Barnum outlines many of the problems with the schemes states set up to comply with Arne Duncan’s requirement that—to qualify for a Race to the Top grant or a NCLB waiver—states must judge teachers by students’ scores: “States that complied with federal urging to overhaul their evaluation systems struggled with exactly how to measure teachers’ performance. Classroom observations were usually the biggest factor, with tests playing a key role. But since many teachers do not have a standardized test corresponding to their grade and subject, some districts created new tests or had teachers create their own, raising concerns about overtesting. In other instances, teachers were evaluated in part by student performance in subjects they didn’t teach—the situation for half of New York City teachers in 2016. In many states, the new evaluations debuted just as new academic standards and tests were being implemented, frustrating teachers and their unions who felt they were being held accountable for unfamiliar material without adequate training.”
It became popular to use statistical algorithms called Value Added Measures (VAMs) of student learning rather than merely the aggregate benchmark scores of a teacher’s students as the basis of each teacher’s evaluation. However, in 2014, the American Statistical Association, and in 2015, the American Education Research Association released evidence that calculations trying to measure each teacher’s discrete contribution to her students’ learning were statistically flawed. The American Statistical Association warned: “Research on VAMs has been fairly consistent that aspects of educational effectiveness that are measurable and within teacher control represent a small part of the total variation in student test scores or growth; most estimates in the literature attribute between 1% and 14% of the total variability to teachers… The majority of the variation in test scores is attributable to factors outside of the teacher’s control such as student and family background, poverty, curriculum, and unmeasured influences. The VAM scores themselves have large standard errors, even when calculated using several years of data. These large standard errors make rankings unstable, even under the best scenarios for modeling.”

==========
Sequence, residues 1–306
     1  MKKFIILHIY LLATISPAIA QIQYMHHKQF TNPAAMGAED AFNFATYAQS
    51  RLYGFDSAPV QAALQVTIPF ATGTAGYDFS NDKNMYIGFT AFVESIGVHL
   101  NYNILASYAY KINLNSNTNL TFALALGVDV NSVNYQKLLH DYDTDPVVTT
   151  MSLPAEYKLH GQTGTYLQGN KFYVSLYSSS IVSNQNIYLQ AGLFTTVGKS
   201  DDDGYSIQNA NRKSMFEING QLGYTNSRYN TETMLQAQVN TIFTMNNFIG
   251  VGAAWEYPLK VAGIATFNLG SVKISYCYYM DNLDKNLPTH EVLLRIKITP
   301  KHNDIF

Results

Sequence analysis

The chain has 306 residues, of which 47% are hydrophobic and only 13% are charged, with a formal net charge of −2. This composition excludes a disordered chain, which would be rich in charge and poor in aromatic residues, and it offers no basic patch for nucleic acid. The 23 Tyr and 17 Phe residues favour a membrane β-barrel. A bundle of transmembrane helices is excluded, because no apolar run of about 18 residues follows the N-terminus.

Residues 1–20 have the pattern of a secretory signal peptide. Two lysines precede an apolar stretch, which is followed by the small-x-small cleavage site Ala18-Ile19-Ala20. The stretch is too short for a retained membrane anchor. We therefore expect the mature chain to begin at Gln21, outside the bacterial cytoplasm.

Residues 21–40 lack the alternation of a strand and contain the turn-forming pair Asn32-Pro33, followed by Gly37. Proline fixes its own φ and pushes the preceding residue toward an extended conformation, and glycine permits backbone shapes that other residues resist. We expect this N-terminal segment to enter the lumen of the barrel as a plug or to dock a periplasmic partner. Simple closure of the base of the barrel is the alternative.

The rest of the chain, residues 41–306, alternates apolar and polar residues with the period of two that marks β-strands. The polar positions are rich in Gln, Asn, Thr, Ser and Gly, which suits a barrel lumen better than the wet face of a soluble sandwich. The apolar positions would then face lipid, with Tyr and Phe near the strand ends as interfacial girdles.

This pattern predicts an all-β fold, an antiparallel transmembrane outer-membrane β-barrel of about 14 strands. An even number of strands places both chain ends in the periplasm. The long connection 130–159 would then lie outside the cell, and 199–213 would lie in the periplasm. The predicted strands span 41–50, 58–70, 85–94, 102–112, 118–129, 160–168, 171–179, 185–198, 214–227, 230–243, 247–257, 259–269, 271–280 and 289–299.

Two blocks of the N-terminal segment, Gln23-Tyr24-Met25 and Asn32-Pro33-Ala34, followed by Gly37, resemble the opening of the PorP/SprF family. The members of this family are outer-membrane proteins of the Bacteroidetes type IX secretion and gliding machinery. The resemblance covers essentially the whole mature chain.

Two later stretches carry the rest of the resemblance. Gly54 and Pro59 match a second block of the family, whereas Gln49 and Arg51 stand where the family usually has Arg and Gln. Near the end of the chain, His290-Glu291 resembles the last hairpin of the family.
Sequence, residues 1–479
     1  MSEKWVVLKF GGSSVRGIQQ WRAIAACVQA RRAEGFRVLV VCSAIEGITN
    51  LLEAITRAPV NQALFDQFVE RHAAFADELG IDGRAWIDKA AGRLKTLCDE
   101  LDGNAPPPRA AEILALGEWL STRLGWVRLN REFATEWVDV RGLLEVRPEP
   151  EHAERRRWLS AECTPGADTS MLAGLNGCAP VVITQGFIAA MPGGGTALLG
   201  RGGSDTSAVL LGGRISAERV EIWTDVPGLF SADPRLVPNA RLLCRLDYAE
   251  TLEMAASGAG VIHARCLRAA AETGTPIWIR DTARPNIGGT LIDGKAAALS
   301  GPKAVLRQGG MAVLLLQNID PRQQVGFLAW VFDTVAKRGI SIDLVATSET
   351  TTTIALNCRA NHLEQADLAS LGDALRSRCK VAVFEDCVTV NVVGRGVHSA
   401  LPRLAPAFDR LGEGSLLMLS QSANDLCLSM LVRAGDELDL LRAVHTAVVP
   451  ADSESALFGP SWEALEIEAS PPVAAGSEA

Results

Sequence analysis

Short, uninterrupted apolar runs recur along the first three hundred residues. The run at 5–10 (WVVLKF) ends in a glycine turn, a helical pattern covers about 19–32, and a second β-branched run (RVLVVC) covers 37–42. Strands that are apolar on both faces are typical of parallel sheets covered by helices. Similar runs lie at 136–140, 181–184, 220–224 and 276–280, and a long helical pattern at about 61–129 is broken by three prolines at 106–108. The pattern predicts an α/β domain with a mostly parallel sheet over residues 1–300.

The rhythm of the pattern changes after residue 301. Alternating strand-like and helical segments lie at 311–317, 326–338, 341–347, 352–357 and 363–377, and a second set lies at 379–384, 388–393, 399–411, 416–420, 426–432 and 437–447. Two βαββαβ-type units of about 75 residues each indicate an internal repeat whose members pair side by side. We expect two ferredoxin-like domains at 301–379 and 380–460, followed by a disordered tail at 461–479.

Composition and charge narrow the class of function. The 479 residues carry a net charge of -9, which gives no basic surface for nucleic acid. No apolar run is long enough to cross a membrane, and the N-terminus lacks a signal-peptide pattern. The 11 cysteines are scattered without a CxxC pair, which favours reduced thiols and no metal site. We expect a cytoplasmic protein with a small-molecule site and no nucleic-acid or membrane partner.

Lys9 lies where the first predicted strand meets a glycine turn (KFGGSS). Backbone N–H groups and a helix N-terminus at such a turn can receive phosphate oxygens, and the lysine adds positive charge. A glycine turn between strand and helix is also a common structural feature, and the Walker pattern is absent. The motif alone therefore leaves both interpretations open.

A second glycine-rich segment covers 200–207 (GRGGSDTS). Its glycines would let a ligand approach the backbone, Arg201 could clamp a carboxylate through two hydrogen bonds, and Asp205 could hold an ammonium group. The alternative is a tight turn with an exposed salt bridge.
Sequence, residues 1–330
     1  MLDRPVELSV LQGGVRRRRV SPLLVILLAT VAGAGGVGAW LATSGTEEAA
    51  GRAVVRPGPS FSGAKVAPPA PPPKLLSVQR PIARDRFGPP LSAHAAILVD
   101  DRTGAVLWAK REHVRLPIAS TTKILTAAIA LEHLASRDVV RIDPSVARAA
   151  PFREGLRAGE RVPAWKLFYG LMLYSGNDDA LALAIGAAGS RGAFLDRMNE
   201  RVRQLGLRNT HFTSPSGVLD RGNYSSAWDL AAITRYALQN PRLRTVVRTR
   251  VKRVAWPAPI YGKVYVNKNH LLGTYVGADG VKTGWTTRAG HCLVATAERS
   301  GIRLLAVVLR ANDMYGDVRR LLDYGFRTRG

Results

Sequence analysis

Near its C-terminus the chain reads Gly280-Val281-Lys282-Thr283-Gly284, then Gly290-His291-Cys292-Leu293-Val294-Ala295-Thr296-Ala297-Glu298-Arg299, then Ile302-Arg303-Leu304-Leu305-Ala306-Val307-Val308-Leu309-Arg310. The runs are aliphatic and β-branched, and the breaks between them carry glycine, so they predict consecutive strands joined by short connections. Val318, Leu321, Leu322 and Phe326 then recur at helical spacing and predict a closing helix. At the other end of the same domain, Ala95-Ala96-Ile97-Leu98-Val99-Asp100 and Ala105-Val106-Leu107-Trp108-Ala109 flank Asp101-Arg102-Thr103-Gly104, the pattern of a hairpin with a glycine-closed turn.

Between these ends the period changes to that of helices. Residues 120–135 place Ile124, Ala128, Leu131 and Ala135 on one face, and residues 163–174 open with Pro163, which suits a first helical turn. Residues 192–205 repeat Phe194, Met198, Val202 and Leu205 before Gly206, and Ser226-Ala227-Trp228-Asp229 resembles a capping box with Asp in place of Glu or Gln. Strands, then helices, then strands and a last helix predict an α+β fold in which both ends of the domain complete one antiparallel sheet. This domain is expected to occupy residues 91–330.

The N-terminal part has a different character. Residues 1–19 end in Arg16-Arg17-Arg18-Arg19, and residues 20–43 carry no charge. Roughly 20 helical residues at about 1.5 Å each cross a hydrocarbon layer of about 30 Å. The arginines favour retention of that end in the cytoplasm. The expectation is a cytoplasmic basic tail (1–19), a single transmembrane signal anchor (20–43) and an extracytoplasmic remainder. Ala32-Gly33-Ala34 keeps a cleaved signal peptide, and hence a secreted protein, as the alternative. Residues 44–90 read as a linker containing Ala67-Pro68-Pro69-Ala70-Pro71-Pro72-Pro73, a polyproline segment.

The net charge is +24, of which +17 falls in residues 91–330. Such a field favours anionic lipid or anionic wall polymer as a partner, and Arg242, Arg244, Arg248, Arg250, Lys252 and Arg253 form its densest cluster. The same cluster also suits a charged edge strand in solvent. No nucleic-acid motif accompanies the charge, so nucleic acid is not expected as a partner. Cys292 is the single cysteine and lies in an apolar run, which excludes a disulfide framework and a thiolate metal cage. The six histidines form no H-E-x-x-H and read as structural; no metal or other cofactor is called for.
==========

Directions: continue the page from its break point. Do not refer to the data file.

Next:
The problem is that a lot of states continue to use students’ standardized test scores to evaluate teachers. Education Week‘s Madeline Will explains: “Now 34 states require student-growth measures in teacher evaluations… Ten states and the District of Columbia dropped the requirement, while two states (Alabama and Texas) added a student-growth requirement during the same time period. Among the states that do still require an objective measure of student growth, eight do not currently require that the state standardized test be the source of the data. Instead, districts can use measures like their own assessments, student portfolios, and student learning objectives to determine teachers’ contribution to student growth….”
The 2015 replacement for No Child Left Behind—the Every Student Succeeds Act—ended the federal policy pushing states to judge teachers by their students’ standardized test scores. It is reprehensible that so many states are still holding on to this kind of discredited teacher evaluation scheme.